Boomska316 said...

Was it the Titans trailer that prompted this? Or something else?

Keith Nichols said...

How do we ring the nutty old sailor guy with the cannon on his roof into this?

Anonymous said...

Sound more like Zac Snyder than Chris Nolan

Anonymous said...

You left out the detail that all of Bert's dialogue is mumbled in a raspy voice and is completely unintelligible.

Charlie said...

Surely there would be Zimmer's relentless jarring music to push us into epileptic seizures.

And then the most important actor you forgot to add - Michael Caine. What's a Nolan movie without his honor Michael "Be patient Black actors" Caine and his painful never ending monologues.

Anonymous said...

I take this Gunn-inspired blog entry as a warning for Jonathan Swift and Paul Krassner not to submit material to the Mouse Factory"The_Parts_That_Were_Left_Out_of_the_Kennedy_Book"

iamr4man said...

Regarding James Van Hise’s comment regarding Fess Parker getting rich off of his 10% merchandising cut, I believe Mr. Parker would have disagreed:

Barrier: You've mentioned that you were under personal contract to Walt. Was that a typical arrangement?
Parker: As far as I know, I was the only person he ever put under [personal] contract.
Barrier: Why did he do that, as opposed to putting you under contract to the studio?
Parker: I really don't know. And when I asked for 10 percent of the Walt Disney's Davy Crockett merchandise, he gave it to me.
Barrier: But that didn't translate into much money.
Parker: No, it did not. When I asked for more money, the late Ray Stark was my agent. So there was the contract I had with Walt, and then a new contract. Things were changed and deals were struck in my behalf that I think basically eliminated their requirement to pay me that 10 percent. I really wasn't aware of it at the time, or if I was, I can't remember it. My background in the film business was very shallow. I was playing very small parts; they were getting better, but they were small parts. I wasn't immersed in the culture.

This is from a pretty comprehensive interview with Mr. Parker done by Michael Barrier. Barrier is an animation historian and Disney Biographer. Anyone who was a Davey Crockett fan in the 50’s would find the interview fascinating I think.

Phil said...

I would love to read a similar take on the never ending Jurassic Park sequels.

And Spielberg milking so much from it as Executive Producer, would have loved to see your snarky sequel idea with Spielberg directing the next one.

Maybe a scene with Spielberg taking a dig at his fallen down enemy Harvey Weinstein.

MikeN said...

Mrs Travers approves.

Diane D. said...

You thought of almost everything, and Anonymous filled in the one thing you left out—the character who speaks in a manner that CANNOT be understood. This is one of the most hilarious posts you’ve ever written, and one of the most depressing because so close to the truth. You must have had a dark past.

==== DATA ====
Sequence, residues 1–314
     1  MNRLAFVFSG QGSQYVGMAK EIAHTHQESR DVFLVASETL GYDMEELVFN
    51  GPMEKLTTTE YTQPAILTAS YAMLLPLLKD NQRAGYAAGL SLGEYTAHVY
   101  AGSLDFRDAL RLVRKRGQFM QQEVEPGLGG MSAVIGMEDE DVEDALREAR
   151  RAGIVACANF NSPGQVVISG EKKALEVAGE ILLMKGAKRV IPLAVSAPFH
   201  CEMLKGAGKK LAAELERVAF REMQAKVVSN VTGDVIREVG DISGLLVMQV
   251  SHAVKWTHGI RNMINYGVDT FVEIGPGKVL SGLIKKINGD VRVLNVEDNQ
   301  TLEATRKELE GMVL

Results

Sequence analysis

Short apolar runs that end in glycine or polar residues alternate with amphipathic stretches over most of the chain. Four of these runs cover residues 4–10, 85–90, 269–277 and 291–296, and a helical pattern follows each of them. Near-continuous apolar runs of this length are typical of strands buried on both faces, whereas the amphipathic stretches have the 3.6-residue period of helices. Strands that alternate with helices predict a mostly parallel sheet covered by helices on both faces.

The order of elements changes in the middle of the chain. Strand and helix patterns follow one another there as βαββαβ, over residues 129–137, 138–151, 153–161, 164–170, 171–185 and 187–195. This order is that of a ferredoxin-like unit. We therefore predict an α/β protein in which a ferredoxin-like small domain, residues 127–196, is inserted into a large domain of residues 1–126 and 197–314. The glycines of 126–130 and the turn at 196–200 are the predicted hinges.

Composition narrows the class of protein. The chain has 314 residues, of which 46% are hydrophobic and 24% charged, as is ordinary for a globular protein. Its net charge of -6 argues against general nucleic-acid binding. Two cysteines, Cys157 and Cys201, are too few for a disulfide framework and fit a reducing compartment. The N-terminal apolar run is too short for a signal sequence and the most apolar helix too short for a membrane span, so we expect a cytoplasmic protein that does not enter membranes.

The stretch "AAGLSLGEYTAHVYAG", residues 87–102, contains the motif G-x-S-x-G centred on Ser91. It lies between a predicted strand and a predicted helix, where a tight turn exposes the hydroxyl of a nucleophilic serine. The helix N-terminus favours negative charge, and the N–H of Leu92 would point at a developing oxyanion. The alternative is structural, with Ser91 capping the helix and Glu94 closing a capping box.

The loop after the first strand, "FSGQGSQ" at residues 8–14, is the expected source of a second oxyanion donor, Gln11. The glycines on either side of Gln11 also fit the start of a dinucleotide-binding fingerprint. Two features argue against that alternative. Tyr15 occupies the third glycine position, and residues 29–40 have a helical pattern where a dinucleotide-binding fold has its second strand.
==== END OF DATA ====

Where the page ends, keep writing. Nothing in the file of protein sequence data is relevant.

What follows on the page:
Laura said...

Talking about re-boots on a slightly different topic of sequels - the 'Rush Hour' franchise (if you can call that) is set for a sequel 'Rush Hour 4'. And Brett Ratner is getting ready to direct it.

I remember your post during the Harvey Weinstein scandal, where you said all these guys will be rehabilitated because this is Hollywood. Seems true! Ratner's friends are ready to finance the movie and WB has not outright denied his involvement.

So then I guess Dustin Hoffman, Kevin Spacey or even Harvey too will be making their comebacks pretty soon.

D McEwan said...

"James Van Hise said...
The story goes that the 1964 film was such an enormous hit that in spite of how hated it was by Mrs. Banks, that Disney still had the right to make a sequel."

Mrs. Banks was a fictional character. I assume you mean P.L. Travers. And Travers never married. Her children were adopted.

Funny piece. though I never felt Julie Andrews's Mary Poppins was sunny. She was, in fact, a pill. She would take the kids on magical excursions and then scold them for enjoying themselves. I always found the character quite insufferable. She shuts down any fun or romantic feelings Burt might have had also. I've never really much cared for Mary Poppins, though I like the score. (Don't get me started on Dick Van Dyke's "Cockney" accent. Eddie Izzard asked "Is it Australian?")

Janet Ybarra said...

Oh, but I adored Dick Van Dyke in that one and CHITTY CHITTY BANG BANG.

After a time I think Dick Van Dyke became way too under-appreciated.

Kaleberg said...

The original Mary Poppins book was even weirder than all that. I'd suggest something more like what Angela Carter and Neil Jordan did with The Company of Wolves.

Brian Phillips said...

Christopher Nolan remakes an old horror movie? Big deal.

McAlvie said...

I remember reading the series when I was a kid, and being surprised that Mary Poppins wasn't quite the way Disney portrayed the character. Oh, all the bits were there, but the general tone was not so cheerful. Certainly not the only story to get Disney-fied, and I like the movie, so I'm not criticizing. If they'd stuck strictly to the book, would the movie have become so iconic?

Given the current trend toward anti-heroes, I think I'm very glad that Disney made the movie back then instead of some studio now.

Stephen Gallagher said...

I was enjoying the ludicrous until Katee Sackhoff and now I just want someone to take my money.

msdemos said...


"Modern children don’t want fuzzy bedtime stories. They want to be scared shitless. Let’s do that for three hours."

Nice.....and here is the concise, three sentences that succinctly says it all....